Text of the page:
The Dilemma of Siting a High-Level Nuclear Waste Repository

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Springer Science & Business Media, May 31, 1995 - Business & Economics - 286 pages
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This book explores siting dilemmas - situations in which an "authority" (e.g., Congress, a consortium of utilities) deems it in the best interest of society to build a facility such as an incinerator, but opponents living near the proposed site thwart the plan. Facility developers typically attribute local opposition to selfishness or radically inaccurate views of the risks posed by the facility. We examine the validity of these conclusions by looking in depth at the psychological response that arises when residents are faced with the prospect of living near waste disposal facilities. The particular siting dilemma considered in this book is the problem of how to "dispose" of the high-level nuclear wastes accumulating at nuclear power plants in the United States. These wastes, in the form of "spent" fuel rods, will emit dangerous levels of radioactivity for thousands of years - anywhere between 10,000 and 100,000 years, depending on the margin of safety one adopts. The current proposal is to encase the spent fuel in corrosion-resistant canisters and then to bury these canisters deep underground in a geologic repository. The two of us became involved with the high-level waste issue in 1986 as part of an interdisciplinary research team hired by the State of Nevada. The charge of this team was to estimate the socioeconomic impacts that would accompany a repository if it were built at Yucca Mountain, approximately 100 miles northwest of Las Vegas.
  

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Contents

Introduction
3
Siting a HighLevel Waste Repository
19
Siting a Monitored Retrievable MRS Storage Facility
69
PUBLIC OPPOSITION TO A REPOSITORY
81
Managing Local Opposition
83
Analysis of Public Opposition
95
Public Perceptions of the Proposed Repository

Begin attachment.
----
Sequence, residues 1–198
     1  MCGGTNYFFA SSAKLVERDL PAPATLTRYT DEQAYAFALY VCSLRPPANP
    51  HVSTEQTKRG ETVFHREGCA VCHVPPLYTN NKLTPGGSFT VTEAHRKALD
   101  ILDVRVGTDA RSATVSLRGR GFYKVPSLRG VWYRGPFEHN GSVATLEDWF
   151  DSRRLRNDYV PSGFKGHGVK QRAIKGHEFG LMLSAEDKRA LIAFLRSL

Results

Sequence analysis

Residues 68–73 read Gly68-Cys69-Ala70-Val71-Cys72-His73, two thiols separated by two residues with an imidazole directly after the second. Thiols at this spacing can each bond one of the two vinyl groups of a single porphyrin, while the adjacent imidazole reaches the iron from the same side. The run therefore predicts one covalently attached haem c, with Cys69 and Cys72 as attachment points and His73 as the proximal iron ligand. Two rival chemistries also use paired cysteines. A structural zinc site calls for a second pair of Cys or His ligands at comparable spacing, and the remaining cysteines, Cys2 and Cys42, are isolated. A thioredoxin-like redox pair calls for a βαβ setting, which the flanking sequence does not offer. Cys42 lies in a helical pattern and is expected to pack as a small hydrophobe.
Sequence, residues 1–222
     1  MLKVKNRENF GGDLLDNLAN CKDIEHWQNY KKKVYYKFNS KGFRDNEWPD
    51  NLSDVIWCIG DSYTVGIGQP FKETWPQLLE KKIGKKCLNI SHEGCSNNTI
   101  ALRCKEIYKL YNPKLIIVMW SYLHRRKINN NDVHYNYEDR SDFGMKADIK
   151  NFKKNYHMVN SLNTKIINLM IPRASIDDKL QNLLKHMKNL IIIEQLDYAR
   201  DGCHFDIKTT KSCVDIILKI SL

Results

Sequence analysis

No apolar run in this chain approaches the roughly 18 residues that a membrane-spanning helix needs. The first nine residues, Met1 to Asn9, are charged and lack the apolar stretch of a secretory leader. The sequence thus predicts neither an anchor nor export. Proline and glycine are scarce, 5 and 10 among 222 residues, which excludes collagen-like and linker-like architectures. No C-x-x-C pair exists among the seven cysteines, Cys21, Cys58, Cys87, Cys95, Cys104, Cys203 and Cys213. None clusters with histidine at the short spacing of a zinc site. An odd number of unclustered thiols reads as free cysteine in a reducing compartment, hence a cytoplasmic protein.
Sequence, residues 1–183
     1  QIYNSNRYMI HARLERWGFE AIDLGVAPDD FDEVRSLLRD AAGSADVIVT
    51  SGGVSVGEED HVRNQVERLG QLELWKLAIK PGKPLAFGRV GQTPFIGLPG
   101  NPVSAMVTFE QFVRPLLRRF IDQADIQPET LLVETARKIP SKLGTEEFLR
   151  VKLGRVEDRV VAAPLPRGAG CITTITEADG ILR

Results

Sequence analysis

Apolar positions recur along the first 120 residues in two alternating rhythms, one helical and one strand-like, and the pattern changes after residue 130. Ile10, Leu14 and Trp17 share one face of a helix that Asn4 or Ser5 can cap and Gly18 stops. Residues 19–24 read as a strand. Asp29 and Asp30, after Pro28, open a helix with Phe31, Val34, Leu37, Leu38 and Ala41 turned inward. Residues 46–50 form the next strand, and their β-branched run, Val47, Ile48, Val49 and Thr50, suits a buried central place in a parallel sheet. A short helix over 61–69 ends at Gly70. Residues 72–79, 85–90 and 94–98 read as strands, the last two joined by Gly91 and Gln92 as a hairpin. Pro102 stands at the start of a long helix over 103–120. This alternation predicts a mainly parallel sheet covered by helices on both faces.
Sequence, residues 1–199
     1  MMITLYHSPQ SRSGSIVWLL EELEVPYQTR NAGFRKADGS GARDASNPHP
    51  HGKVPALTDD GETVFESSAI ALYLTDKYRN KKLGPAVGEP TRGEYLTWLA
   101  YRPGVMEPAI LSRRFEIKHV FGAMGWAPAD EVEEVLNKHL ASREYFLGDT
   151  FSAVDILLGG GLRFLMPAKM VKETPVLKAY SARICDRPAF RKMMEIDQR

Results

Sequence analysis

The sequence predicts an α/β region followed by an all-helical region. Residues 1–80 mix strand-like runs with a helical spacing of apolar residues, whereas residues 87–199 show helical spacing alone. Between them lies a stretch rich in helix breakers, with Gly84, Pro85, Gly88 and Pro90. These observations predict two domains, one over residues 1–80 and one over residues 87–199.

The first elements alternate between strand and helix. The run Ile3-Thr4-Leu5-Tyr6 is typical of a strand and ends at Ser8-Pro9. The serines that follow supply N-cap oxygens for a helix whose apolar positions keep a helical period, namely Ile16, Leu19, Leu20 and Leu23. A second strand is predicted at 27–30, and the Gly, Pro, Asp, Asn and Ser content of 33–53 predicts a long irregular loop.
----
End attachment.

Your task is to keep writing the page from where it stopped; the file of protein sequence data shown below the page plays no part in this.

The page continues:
123
The Doughnut Effect
153
STRATEGIES FOR SITING A WASTE FACILITY
165
A Siting Process to Gain Public Acceptance
167
Analysis of US Policy for Managing HighLevel Waste
193
Next Steps for HLNW Policy
227
REFERENCES
241
APPENDIX
265
INDEX
273
Copyright

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Page 251 - Kunreuther, Howard and Douglas Easterling (1992), "Gaining Acceptance for Noxious Facilities with Economic Incentives," in Daniel Bromley and Kathleen Segerson (eds.), The Social Response to Environmental Risk (Boston, MA: Kluwer Academic Publishers). Kunreuther, Howard, Douglas V. Easterling, William Desvousges, and Paul Slovic (1990), "Public Attitudes Toward Siting a High Level Nuclear Waste Repository in Nevada,

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About the author (1995)

Howard Kunreuther is the James G. Dinan Professor of Decision Sciences and Business and Public Policy at the Wharton School, University of Pennsylvania and co-director of the Wharton Risk Management and Decision Processes Center. He has a long-standing interest in ways that society can better manage low-probability, high-consequence events. Dr Kunreuther is a member of the World Economic Forum's Global Agenda Council on Insurance and Asset Management for 2011 2012 and in 2009 2010 served as co-chair of the Forum's Global Agenda Council on Leadership and Innovation for Reducing Risks from Natural Disasters. He is a Fellow of the American Association for the Advancement of Science and a Distinguished Fellow of the Society for Risk Analysis, which honored him with a Distinguished Achievement Award in 2001.

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